Monthly Archives: April 2012

Laughter Is the Best Medicine

This is the second installment of funny experiences  I have encountered throughout my interpreting career. I invite you to  laugh along with me.

My first interpreting assignment was in a Workers Compensation court.  Our fledgling company had a very good client who represented a large insurance carrier.  One day, he called in for a last minute job right after I had finished my training to start interpreting.  There was no one else available so I went, trembling in my boots.  I was 22 years old.  My backup plan in the event I needed time to think, or something went wrong, was to “accidentally” spill coffee on my lap during the proceeding.

This attorney had met me during my training when I accompanied other interpreters so he knew I was new and the guy was a prankster.  He also had a glass eye which made it difficult to maintain visual contact. In the middle of the hearing he looks at me, winks, wrinkles his bad eye shut, and putting his hand to his mouth makes believe he is putting the glass eye in his mouth and slushing it around…  I froze, my heart beating violently, waiting for opposing counsel or the judge to say something.  They never did because they knew him and realized he was just having fun with me. Thankfully, I recovered my composure before putting plan B into motion because I had a very limited professional wardrobe.

One of my favorite stories involves my brother, Alberto Salazar, who was a world-class marathoner in the eighties, when he was around 21 years old.  I happened to be visiting at my parents’ home in Boston shortly after one of his big wins there when a local Hispanic paper came to interview him.  Knowing full well that my brother spoke only “kitchen” Spanish because he left Cuba at 2 years of age,  I offered to interpret for him.  He looked at me naively and said, “Thanks but I can do this”.  Just then, my three year old son ran into the room and went to sit on his uncle’s lap.  The reporter asked him in Spanish who that was and with a big smile my brother assertively answered “Ese es mi nieto” (That is my grandson)  The woman looked at him puzzled and  said, something to the effect of “You are so young to be a grandfather….”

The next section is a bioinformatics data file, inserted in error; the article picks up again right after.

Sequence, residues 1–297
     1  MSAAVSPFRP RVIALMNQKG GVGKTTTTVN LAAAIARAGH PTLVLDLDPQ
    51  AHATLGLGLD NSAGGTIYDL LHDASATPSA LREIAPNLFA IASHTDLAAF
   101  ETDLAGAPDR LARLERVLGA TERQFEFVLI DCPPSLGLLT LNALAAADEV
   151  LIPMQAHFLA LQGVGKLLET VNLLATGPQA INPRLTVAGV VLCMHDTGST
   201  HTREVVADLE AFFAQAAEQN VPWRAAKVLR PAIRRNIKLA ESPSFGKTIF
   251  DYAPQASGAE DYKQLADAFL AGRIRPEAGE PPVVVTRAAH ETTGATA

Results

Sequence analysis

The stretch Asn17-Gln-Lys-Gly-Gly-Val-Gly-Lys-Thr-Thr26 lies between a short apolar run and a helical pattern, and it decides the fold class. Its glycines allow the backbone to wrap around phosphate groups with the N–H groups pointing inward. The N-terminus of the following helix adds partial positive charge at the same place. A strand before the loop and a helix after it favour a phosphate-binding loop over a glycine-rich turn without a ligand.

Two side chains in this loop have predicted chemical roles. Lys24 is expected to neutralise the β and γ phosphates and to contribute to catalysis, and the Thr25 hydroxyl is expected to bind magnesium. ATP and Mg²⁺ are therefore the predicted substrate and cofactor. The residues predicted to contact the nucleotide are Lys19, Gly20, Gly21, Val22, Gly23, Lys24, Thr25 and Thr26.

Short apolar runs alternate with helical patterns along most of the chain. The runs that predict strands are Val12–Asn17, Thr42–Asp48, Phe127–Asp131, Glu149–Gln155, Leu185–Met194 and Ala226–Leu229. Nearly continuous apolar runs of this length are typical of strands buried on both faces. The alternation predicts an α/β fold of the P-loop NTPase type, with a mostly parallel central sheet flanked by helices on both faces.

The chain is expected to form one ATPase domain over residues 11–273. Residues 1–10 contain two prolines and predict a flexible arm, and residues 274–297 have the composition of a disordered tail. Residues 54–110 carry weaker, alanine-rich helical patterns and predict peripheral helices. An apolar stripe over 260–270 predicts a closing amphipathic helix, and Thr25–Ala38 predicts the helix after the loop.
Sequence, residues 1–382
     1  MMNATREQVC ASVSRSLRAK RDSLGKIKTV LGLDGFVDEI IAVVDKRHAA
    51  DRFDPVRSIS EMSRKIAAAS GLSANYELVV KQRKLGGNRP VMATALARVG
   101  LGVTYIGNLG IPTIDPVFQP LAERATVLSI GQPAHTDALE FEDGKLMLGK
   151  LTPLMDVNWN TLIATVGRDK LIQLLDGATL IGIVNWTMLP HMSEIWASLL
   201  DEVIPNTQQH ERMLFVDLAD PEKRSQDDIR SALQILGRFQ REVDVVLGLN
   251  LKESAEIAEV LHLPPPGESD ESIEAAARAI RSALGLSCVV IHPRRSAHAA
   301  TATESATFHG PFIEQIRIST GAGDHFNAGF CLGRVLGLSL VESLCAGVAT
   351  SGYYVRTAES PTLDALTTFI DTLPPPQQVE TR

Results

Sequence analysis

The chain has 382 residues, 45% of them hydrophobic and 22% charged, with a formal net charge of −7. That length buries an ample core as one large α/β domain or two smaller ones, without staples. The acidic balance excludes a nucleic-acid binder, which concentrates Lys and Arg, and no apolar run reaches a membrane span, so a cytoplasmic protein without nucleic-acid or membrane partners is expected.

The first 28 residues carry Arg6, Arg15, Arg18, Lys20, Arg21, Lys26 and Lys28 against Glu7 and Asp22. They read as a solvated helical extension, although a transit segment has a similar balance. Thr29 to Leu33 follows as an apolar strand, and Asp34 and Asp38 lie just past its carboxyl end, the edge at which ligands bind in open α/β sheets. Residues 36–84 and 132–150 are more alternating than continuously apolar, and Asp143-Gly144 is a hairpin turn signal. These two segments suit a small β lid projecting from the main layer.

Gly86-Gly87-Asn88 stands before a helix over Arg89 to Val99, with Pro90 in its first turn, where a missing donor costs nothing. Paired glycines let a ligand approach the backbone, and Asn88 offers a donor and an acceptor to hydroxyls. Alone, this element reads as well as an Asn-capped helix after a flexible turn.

The following anecdote stems from Cuban culture.  It took place back in the early 90’s when George H.W. Bush was in office. Our company was called at the last minute, around lunchtime, to provide an interpreter for the President at an interview he was going to give at the Homestead Air Force Base in Florida to a Hispanic TV Station.  I had gone home to have lunch and my scheduler found me there.  There was no one else available.  Remember there were few cellphones back then.  My mother-in-law happened to be at home and insisted, like a good Cuban grandmother of her generation, that I take a sandwich with me that she quickly whipped up, lest, God forbid, I should skip lunch and feel faint. There was no time to eat it so I just stuffed it in my purse for later and set off.

I arrived at the site, was escorted to an empty office and asked to wait. The Secret Service then informed me that they would be inspecting the room with a canine explosives search unit.  I panicked from embarrassment thinking the dogs would be drawn to my purse because of the sandwich and quickly threw it into the first drawer I saw before they came  in. Happily, the dogs were so well trained that they didn’t even blink when they went by the drawer.  Even though it was food, it was not what they were looking for.  I rescued my lunch after the search and enjoyed it on my way back from the assignment.

Another gem took place in Cancun where I took a team of interpreters in the late 1980’s to work the Miss Universe Pageant.  Our Greek interpreter was  a Greek Orthodox priest, who worked as a freelancer with us for many years.  When the team took a taxi to go to the venue, the driver asked us what we were there for and we explained that we traveled around the world with the Pageant every year.  He was awestruck and said how lucky we were to actually have contact with the contestants.  Seeing Father’s clerical collar, he asked what he did specifically.  Without missing a beat, our interpreter told the taxi driver with a straight face that because of his religious credentials, his job was to physically “inspect” the contestants to certify whether they had breast implants or not.  Needless to say, the man’s jaw dropped to the floor. He shook Father’s hand vehemently, wished him luck and said to count on him if he needed an assistant in Mexico.